In both cases, the bureaucracy of the organisation and its entanglement with governments have been identified as key factors in the slow responses. Both Ebola and COVID-19 substantially weakened the West African and Chinese economies, respectively, and critics have suggested the WHO acted to protect political and economic interests. Looking back, post nationwide lockdowns in multiple countries and shrinking of the global economy, was it all worth it?
We will never know the true impact of the flawed funding system on the WHO’s failures, however with nearly 80% of the budget coming as earmarked VCs, it is clear that the organisation does not have the freedom or autonomy it needs to make decisions on how the budget is spent. In May 2015, the WHO began structural reform of the emergency response programme, after the poor management of the Ebola outbreak. A Contingency Fund for Emergencies (CFE) was set up, but the WHO was required to raise additional sources of funding for this. The organisation needs more flexibility so that funds can be readily accessed to meet the demands of the environment we live in, to provide the greatest standard of healthcare to the greatest number of people at all times.
A Scandalous History
The increase in VCs has allowed the WHO funding strategy to evolve into a politically and economically biased system, susceptible to private sector lobbying. The two biggest funding nations, the UK and the US, have notoriously capitalist economies, and political lobbying runs rife among their governments. When you examine the way the aviation and transport industries were able to lobby the UK government into backing the Heathrow airport expansion, despite compelling environmental and health concerns from climate campaigners, it doesn’t take too much imagination to see how lobbying from private companies can influence how member states allocate their VCs.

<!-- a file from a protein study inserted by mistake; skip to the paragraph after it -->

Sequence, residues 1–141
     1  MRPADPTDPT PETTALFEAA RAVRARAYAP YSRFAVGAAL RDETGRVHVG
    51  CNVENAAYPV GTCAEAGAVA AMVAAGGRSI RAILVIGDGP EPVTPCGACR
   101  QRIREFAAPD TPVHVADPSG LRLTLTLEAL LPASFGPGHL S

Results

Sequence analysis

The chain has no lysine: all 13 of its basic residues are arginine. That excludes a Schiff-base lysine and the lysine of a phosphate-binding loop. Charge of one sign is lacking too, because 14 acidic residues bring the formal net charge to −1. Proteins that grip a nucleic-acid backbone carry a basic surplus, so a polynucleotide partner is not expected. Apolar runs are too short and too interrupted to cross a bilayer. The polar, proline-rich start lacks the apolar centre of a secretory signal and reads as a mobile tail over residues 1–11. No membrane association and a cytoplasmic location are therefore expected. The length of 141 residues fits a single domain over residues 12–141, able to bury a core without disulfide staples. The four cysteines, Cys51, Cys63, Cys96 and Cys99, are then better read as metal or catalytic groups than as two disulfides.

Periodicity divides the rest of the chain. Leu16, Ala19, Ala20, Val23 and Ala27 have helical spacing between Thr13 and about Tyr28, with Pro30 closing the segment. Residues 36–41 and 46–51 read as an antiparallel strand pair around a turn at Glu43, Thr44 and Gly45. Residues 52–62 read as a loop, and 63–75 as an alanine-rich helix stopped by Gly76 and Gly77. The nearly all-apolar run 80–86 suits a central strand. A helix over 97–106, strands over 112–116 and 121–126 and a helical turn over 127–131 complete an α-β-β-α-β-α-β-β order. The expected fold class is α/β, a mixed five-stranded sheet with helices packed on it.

The threats and demands the sugar industry placed on the WHO in 2003 when it proposed a guideline on dietary sugar intake offer a sobering example of lobbying. The Sugar Association, supported by many confectionary and soft drink companies, demanded that the US halt their funding to the WHO unless the guideline was dropped. The WHO was proposing a limit of 10% dietary sugar, and 12 years on when trying to bring in a recommended 5% limit they once again were met with strong opposition from the sugar industry.
America has long opposed many WHO initiatives in favour of supporting transnational corporations which would stand to lose profits. In 2018 they shocked the world by opposing an initiative promoting breastfeeding, threatening Ecuador, the first country planning to introduce the scheme, with trade sanctions and withdrawal of military aid. With the WHO pushing forward initiatives such as the rational use of medicines and ethical criteria for drug marketing, initiatives that could jeopardize the pharmaceutical industry (one of the biggest markets in America), it’s not surprising that President Trump has taken the controversial step in suspending WHO funding.
Towards a Brighter Future
The WHO provides an immensely important global service, and we must protect it from the insular politics that currently grip some of the world’s biggest economies. As increasing numbers of professionals within the scientific and healthcare communities begin to highlight the issues the WHO is facing, the cogs of change are starting to turn. The BRIC nations (Brazil, Russia, India and China) have committed to increasing their ACs to balance the amount of funding coming from VCs, but this alone is not enough. How the WHO will handle being ultimately held hostage by the US, the zero nominal growth policy for ACs, and the ever-present influence from corporate lobbying remains to be seen, and until these issues are resolved, the fate of the WHO as a global health authority hangs in the balance.